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University of Technology of Compiègne, France

Ballet J.,University of Versailles | Koffi J.-M.,UMI Resiliences | Koffi J.-M.,University of Bouake | Pelenc J.,UMI Resiliences
Ecological Economics | Year: 2013

In recent years, several studies have attempted to combine the capabilities approach with sustainable development. However, critics have pointed out that although the capability approach takes the environment into account, it has its shortcomings for not being a complete ethical theory. Our article attempts to go beyond these criticisms, and show that the capabilities approach provides a good analytical framework for an environmental justice approach. © 2012 Elsevier B.V. Source


Ouattara A.F.,Swiss Tropical and Public Health Institute | Ouattara A.F.,University of Basel | Dagnogo M.,Nangui Abrogoua University | Constant E.A.,Nangui Abrogoua University | And 9 more authors.
Malaria Journal | Year: 2014

Background: The use of long-lasting insecticidal nets (LLINs) is an effective malaria control strategy. However, there are challenges to achieve high coverage, such as distribution sustainability, and coverage keep-up. This study assessed the effect of LLINs coverage and contextual factors on entomological indicators of malaria in rural Côte d'Ivoire. Methods. The study was carried out between July 2009 and May 2012 in three villages (Bozi, N'Dakonankro and Yoho) of central Côte d'Ivoire. In Bozi and Yoho, LLINs were distributed free of charge by the national malaria control programme in 2008. In Bozi, an additional distribution was carried out in May 2011. No specific interventions were done in N'Dakonankro. Entomological surveys were conducted in July 2009 and July 2010 (baseline), and in August and November 2011 and in February 2012. Frequency of circumsporozoite protein was determined using an enzyme-linked immunosorbent assay. Regression models were employed to assess the impact of LLINs and changing patterns of irrigated rice farming on entomological parameters, and to determine associations with LLINs coverage and other contextual factors. Results: In Bozi, high proportion of LLIN usage was observed (95-100%). After six months, 95% of LLINs were washed at least once and 79% were washed up to three times within one year. Anopheles gambiae was the predominant malaria vector (66.6% of all mosquitoes caught). From 2009 to 2012, in N'Dakonankro, the mean annual entomological inoculation rate (EIR) increased significantly from 116.8 infectious bites/human/year (ib/h/y) to 408.8 ib/h/y, while in the intervention villages, the EIR decreased significantly from 514.6 ib/h/y to 62.0 ib/h/y (Bozi) and from 83.9 ib/h/y to 25.5 ib/h/y (Yoho). The risk of an infectious bite over the three-year period was significantly lower in the intervention villages compared to the control village (p <0.001). Conclusion: High coverage and sensitization of households to use LLINs through regular visits (particularly in Bozi) and abandoning irrigated rice farming (in Yoho) resulted in highly significant reductions of EIR. The national malaria control programme should consider household sensitization and education campaigns and other contextual factors to maximize the benefit of LLINs. © 2014 Ouattara et al.; licensee BioMed Central Ltd. Source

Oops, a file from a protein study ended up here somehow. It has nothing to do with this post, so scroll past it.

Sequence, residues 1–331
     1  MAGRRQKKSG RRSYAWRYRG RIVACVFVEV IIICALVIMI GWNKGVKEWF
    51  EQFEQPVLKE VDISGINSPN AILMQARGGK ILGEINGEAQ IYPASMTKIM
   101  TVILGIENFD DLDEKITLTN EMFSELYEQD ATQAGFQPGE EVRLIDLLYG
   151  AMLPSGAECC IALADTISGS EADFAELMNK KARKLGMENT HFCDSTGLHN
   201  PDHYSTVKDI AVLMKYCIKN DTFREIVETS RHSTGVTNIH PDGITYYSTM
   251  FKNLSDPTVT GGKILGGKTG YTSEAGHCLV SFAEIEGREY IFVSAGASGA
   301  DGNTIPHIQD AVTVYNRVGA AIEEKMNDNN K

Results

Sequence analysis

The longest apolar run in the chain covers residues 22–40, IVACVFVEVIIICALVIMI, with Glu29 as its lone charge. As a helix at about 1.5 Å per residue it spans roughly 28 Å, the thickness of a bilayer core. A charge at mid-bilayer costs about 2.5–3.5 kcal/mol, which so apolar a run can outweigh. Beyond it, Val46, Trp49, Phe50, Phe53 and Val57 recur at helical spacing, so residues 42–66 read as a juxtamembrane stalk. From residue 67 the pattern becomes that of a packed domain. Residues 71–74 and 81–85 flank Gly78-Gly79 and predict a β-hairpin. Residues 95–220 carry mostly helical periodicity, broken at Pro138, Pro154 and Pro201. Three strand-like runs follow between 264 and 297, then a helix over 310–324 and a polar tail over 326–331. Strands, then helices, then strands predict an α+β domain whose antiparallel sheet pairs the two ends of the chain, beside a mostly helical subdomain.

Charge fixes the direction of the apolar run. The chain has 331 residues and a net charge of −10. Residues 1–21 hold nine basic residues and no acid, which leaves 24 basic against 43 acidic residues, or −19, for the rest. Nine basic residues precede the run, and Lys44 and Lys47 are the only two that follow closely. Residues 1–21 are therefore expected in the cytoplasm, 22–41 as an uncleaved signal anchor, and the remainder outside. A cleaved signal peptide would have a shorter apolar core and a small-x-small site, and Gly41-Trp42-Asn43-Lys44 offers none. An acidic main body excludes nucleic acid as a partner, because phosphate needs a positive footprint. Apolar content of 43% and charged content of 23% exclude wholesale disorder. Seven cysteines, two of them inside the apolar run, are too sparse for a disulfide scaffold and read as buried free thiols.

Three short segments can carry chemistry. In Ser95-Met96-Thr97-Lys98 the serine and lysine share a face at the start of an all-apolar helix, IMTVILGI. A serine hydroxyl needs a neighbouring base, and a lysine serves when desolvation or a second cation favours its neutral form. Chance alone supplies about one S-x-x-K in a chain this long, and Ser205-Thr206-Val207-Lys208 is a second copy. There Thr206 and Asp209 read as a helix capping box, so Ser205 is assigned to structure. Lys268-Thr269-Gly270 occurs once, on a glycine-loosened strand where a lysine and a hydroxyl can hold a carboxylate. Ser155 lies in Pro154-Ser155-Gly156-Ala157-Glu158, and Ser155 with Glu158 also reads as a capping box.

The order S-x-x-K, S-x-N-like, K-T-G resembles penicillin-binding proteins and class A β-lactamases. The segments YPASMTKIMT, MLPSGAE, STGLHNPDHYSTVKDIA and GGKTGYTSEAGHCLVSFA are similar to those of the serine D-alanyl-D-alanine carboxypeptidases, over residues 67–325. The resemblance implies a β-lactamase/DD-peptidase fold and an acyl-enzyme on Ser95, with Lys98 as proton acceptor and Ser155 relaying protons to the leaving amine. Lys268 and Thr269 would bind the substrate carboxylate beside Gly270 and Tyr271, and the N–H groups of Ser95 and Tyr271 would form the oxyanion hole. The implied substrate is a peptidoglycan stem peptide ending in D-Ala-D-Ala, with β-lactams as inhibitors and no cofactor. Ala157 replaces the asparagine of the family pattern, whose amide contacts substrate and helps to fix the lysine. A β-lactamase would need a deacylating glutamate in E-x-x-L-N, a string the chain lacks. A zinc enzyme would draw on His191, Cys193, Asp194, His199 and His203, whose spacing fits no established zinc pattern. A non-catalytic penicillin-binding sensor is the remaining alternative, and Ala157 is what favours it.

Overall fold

This article examines the effects of the post-2002 sociopolitical crisis in Abidjan, Côte d'Ivoire, on urban and peri-urban agriculture. Based on the case study of Abidjan, it argues for a conceptualization of sustainability that includes social as well as environmental dimensions and focuses on coping strategies of producers and merchants. In Abidjan, these strategies included internal migration within the city and its periphery, the use of organic fertilizers, and changes in market structure. The study illustrates how such strategies allowed producers to continue to supply produce to the market, despite the difficulties of war. Source


Sociocultural etiology to guide community control of malaria in Côte d'Ivoire In the rural communities of Côte d'Ivoire, malaria control is guided by the sociocultural etiology or perception of this disease, as we can see by studies conducted in the Baoulé and Gouro communities. These studies show that these communities establish a link between the sun, excessive oil consumption, agricultural activities, disease, and lack of hygiene. Mosquitoes, however, are not identified as the cause of malaria but rather as an insect noxious by their noise and painful bites. These populations use both traditional and modern means to move mosquitoes away from their homes. Analysis of this social reality shows that the battle against malaria in rural areas is not simply a problem of health education. It is thus important in developing malaria control programmes to adopt a strategy that links community participation and health education. Source


Ayouba A.,Montpellier University | Akoua-Koffi C.,University of Bouake | Calvignac-Spencer S.,Project Group Epidemiology of Highly Pathogenic Microorganisms RKI | Esteban A.,Montpellier University | And 7 more authors.
AIDS | Year: 2013

HIV types 1 and 2 (HIV-1 and HIV-2) are the result of multiple cross-species transmissions of their simian counterparts (SIVs) to humans. We studied whether new SIVs lineages have been transmitted to humans in rural Côte d'Ivoire and identified a novel HIV-2 variant (HIV-2-07IC-TNP03) not related to any of the previously defined HIV-2 groups. This finding shows that sooty mangabey viruses continue to be transmitted to humans, causing new zoonotic outbreaks. © 2013 Wolters Kluwer Health | Lippincott Williams & Wilkins. Source

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